“[Young Dragon’s] mom basically raised me because my dad was a single dad,” Young Cuf explains. “She kind of took me under her wing and raised me as her own. I call her mom.”

“We share the same mom,” Young Dragon chimes in. “That’s how we look at it.”

Young Dragon and Young Cuf before their music career; courtesy of Young Love

Talking to Young Love, that connection is evident. The boys constantly finish each other’s sentences and riff off random comments and jokes at a rapid pace, freestyling through a conversation the same way they do a recording session. When Young Dragon suggests the duo take off their ever-present sunglasses to prove they have eyes, Young Cuf sniffs in mock disgust, “That’s a violation,” before they both erupt in laughter.

Unplanned Greatness: Young Love and the Creative Process

“When it comes to writing, we write at the same time,” Young Cuf notes. “He’s the big producer, but I give input to the beat.”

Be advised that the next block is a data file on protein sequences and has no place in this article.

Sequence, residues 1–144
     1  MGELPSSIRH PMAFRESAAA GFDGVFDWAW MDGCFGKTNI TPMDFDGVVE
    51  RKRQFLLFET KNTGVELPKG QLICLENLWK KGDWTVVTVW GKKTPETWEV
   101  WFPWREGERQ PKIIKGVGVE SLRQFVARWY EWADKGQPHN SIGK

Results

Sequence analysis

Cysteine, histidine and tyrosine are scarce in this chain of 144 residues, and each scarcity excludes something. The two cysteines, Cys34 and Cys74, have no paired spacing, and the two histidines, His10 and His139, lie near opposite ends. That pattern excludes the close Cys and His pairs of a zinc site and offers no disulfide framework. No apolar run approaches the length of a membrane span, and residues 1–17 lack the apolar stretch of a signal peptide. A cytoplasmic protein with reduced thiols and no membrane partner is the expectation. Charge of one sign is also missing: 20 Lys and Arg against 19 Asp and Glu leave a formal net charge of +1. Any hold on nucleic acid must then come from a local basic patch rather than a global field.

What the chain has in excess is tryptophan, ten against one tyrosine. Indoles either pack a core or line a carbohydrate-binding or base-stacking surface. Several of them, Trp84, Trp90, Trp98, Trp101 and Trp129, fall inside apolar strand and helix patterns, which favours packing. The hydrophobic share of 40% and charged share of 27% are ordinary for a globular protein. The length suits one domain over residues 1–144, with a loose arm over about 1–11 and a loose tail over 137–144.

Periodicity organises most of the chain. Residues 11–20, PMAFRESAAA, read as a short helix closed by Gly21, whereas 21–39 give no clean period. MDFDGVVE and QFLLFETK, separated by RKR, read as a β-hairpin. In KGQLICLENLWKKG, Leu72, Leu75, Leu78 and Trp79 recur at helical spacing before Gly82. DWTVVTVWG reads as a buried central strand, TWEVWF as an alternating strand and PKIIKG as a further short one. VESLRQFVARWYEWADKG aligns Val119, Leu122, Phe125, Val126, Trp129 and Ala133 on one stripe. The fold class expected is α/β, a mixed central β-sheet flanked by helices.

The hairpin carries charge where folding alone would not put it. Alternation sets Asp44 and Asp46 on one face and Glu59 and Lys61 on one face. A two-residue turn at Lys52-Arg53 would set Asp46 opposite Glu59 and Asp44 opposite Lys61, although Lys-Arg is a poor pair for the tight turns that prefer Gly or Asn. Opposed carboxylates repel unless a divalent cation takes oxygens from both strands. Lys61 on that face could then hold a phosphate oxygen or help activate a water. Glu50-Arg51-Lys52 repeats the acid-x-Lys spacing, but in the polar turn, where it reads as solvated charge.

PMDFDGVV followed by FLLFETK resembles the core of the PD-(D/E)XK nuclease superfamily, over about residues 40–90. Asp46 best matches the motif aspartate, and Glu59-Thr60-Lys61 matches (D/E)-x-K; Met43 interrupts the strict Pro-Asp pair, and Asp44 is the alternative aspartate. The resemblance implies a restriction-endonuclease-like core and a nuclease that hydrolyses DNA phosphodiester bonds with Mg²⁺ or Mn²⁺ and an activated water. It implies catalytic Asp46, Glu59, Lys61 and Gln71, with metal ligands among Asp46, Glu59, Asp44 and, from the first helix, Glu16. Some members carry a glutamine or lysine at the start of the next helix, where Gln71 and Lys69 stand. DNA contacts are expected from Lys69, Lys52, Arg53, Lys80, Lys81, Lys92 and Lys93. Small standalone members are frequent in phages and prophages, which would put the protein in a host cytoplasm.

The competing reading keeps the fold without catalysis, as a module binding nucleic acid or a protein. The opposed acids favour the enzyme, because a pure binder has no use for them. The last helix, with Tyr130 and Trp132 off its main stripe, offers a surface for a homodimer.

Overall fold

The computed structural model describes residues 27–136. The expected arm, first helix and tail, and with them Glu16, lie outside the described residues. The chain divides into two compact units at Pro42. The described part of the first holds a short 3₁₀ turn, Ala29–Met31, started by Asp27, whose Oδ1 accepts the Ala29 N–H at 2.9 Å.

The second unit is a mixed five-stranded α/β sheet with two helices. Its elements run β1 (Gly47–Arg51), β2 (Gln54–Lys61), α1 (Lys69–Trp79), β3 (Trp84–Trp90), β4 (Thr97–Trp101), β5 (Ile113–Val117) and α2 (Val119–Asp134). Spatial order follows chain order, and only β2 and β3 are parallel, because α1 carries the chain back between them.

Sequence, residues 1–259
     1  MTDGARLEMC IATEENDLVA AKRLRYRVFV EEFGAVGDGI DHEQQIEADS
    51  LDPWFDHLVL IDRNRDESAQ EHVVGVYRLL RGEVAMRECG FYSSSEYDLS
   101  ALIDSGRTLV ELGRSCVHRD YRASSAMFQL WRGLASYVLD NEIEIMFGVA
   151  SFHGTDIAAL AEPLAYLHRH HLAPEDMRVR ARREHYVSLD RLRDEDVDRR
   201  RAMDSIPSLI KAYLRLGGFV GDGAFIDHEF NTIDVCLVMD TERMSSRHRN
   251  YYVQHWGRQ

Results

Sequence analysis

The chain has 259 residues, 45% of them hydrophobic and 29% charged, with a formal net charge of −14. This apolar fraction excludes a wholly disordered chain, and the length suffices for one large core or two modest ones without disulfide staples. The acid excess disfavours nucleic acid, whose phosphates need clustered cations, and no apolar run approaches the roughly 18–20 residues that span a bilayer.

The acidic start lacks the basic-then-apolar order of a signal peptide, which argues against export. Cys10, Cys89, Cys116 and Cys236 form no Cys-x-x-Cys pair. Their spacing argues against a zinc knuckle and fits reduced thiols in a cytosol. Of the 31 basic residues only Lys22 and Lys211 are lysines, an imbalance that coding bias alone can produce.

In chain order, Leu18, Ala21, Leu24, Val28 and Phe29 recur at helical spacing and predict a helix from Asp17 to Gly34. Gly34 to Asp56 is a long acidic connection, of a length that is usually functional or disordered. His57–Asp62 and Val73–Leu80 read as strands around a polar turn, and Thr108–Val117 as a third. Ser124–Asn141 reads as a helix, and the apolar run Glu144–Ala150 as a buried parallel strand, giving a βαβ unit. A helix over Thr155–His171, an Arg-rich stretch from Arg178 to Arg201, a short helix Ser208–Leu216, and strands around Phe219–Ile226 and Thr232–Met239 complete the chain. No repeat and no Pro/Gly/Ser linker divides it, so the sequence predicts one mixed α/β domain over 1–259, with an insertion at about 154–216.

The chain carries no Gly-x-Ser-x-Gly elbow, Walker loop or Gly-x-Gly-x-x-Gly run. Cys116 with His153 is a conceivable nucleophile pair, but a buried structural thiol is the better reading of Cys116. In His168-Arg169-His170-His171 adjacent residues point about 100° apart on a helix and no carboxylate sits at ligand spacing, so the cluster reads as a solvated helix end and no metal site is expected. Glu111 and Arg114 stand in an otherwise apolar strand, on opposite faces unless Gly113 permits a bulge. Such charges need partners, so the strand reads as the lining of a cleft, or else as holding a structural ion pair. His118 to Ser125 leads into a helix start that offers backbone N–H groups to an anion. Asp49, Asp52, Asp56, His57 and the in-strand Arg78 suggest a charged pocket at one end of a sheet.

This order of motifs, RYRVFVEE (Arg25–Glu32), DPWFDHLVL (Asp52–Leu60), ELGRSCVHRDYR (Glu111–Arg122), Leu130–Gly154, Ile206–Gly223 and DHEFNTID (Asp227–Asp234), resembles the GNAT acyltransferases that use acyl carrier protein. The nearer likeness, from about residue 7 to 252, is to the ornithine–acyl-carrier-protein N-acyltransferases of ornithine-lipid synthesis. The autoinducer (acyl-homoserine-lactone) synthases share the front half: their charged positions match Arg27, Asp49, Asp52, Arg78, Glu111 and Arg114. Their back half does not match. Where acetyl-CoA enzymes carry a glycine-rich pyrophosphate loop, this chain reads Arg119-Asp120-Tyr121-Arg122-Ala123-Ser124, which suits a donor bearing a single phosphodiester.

“Even when we’re apart, we don’t have to be listening to any music to get ideas,” Young Dragon comments. “Something will come to our heads and we’ll text each other, write a whole song that way… [Sometimes] we don’t even really write. We just get on the mic and then speak from the heart for real.”

Often these improv sessions end up in the final tracks. One of Young Love’s first singles, “My Forever,” included an ad-libbed beatboxing sound that Young Cuf threw in spontaneously while recording. It’s “unplanned greatness,” as Young Dragon likes to say.

Listen to "My Forever" on YouTube: